The text reveals his time by oblique references to the temple’s destruction, but also reveals his dependence on earlier writings and traditions – even, possibly, upon texts that were used around the same time to build the corpus of Christian literature.
The extant Syriac text was translated from Greek, which was most likely translated from a Hebrew original. That means that what I read in English, is three languages away from the first ink that committed it to writing. I cannot expect that the style of the original, its literary beauty, has survived the journey, and I must be content with what I have.

The Church Father Barnabas knew of this work and quoted 61:7 in 11:9 of his epistle, calling the writer “another prophet:”
In the quotation, “Baruch” spoke wistfully of the Jerusalem of old, in the days of Solomon and David.

“And the land which then received mercy, since its inhabitants did not sin, was praised above all countries.”

Listening to the shouts of Roman soldiers outside his window, or the angry debates between anti-Roman Zealots and those who sought accommodation and peace in their time, perhaps he could dream of that lost Golden Age of Israel, and eulogize it in this work.

And so preserved for us, like a fossil in rock, is this reminder of one who once lived, a human being trying to make sense of a world in chaos, bringing together all that he knew and believed and thrusting it forward like a battle shield, to ward off the terror of the unknown.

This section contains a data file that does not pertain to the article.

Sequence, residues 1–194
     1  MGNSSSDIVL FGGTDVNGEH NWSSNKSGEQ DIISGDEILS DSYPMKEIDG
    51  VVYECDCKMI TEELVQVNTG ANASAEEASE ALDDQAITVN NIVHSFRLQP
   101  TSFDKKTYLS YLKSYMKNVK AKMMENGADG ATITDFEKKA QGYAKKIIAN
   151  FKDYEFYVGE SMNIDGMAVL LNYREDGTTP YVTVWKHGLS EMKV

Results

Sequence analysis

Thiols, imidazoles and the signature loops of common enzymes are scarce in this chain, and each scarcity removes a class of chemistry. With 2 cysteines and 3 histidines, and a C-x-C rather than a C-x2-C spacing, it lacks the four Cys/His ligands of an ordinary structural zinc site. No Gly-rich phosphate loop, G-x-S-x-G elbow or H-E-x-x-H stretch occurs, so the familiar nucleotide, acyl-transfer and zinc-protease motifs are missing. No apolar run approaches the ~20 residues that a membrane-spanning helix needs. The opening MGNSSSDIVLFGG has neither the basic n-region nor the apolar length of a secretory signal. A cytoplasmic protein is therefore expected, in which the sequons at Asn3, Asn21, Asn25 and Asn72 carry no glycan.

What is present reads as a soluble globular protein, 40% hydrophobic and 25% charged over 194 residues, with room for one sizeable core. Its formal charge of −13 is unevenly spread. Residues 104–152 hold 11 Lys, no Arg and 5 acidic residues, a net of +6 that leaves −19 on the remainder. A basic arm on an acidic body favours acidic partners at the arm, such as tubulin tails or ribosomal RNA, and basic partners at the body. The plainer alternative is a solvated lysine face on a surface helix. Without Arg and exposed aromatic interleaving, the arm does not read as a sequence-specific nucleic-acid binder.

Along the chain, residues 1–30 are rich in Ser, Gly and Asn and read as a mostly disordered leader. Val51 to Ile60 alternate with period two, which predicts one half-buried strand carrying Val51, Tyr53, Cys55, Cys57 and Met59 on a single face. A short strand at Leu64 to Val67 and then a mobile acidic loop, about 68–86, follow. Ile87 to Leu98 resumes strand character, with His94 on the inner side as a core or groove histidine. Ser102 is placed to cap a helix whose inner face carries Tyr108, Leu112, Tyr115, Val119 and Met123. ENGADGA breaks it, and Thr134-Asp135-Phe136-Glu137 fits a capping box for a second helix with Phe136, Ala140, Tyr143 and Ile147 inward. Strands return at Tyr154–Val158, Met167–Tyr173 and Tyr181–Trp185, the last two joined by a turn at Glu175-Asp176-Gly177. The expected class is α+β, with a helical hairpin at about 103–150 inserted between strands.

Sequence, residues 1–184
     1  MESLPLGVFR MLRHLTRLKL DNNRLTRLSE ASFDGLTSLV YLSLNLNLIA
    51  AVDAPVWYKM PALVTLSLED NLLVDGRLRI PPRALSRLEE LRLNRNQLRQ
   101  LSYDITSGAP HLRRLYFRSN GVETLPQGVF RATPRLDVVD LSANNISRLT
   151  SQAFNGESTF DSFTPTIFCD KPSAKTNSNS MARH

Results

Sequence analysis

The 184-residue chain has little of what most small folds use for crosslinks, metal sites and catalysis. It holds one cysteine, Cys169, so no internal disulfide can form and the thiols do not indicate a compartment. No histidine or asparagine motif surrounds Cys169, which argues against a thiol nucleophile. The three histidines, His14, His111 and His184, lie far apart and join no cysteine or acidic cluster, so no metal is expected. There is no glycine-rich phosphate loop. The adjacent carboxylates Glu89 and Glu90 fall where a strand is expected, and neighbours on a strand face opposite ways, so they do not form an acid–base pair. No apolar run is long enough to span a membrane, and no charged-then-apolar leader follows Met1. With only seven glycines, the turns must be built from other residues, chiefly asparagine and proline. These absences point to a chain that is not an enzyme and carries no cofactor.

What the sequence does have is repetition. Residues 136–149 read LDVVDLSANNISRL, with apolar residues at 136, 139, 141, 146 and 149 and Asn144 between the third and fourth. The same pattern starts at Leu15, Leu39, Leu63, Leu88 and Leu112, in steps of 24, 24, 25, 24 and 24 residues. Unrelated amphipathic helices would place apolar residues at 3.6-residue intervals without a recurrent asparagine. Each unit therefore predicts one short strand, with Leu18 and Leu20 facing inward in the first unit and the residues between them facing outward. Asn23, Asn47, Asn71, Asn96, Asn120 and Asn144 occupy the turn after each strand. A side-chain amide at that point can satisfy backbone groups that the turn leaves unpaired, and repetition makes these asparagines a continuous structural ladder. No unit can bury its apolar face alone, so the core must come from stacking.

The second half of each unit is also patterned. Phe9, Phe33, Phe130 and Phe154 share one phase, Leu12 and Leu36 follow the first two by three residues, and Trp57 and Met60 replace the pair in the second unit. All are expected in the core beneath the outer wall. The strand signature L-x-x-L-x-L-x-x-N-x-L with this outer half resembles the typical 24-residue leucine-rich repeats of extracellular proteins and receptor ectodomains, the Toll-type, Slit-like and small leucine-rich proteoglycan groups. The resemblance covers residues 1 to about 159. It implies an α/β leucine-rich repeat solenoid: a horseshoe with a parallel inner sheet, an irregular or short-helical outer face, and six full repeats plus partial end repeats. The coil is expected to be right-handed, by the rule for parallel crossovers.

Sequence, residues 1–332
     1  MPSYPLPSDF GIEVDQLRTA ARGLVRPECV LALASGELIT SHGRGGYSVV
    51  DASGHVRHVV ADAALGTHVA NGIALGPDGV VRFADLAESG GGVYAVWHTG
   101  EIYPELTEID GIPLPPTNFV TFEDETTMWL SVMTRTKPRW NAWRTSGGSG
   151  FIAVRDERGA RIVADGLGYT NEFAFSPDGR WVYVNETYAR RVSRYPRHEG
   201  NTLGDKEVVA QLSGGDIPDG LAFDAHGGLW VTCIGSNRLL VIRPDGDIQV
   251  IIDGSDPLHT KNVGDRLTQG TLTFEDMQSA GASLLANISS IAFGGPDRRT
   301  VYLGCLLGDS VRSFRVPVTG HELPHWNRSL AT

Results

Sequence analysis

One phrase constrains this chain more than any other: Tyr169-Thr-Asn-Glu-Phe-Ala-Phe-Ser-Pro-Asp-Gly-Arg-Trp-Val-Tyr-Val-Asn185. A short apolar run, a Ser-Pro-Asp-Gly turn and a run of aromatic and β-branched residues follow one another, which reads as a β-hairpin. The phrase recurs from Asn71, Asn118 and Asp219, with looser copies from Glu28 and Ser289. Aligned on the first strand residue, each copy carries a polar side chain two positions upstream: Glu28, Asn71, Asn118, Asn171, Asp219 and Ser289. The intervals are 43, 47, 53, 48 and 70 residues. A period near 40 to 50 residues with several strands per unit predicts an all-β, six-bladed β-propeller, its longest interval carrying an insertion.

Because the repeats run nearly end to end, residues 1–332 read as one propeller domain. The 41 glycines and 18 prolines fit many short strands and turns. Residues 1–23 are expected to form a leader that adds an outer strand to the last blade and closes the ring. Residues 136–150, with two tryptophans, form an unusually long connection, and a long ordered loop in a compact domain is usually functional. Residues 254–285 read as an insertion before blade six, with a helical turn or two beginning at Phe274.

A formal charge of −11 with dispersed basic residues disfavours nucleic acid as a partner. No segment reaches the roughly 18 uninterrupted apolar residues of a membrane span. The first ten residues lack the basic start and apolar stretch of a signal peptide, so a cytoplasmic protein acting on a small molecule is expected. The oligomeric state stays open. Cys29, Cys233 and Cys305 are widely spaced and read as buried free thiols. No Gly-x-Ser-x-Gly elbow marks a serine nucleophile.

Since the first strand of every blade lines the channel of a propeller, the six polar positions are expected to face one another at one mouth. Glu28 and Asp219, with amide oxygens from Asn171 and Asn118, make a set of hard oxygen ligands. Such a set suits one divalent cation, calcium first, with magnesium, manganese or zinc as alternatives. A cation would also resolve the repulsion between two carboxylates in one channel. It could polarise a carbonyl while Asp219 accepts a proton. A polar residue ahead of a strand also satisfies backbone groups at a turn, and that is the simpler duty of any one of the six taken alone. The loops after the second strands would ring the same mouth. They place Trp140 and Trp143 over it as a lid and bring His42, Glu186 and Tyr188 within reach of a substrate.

Saturday, March 18, 2017

Review of The Book of Margery Kempe

The Book of Margery KempeThe Book of Margery Kempe by Margery Kempe

My rating: 2 of 5 stars

What do I think of this book? I recognize its place in history -- the first extant autobiography by an English person. But how to judge it?

Is it simply the babblings of someone who suffered from mental illness -- who believed herself bound by God to do bizzare things that constantly put her at odds with her society? To do that puts me in the dangerous position of having to apply that label to others, from Abraham to Paul -- indeed, having to discount all religious experience as insanity.

Did she genuinely experience the visions of which she wrote? Whether she did or not,
her perseverance in the face of endless opposition, her courage, is inspiring. Her love of even her worst enemies, is humbling.

But without the constant, tiresome references to her crying spells, I think the book would have been half as long.

View all my reviews

Wednesday, February 1, 2017

One mom's great post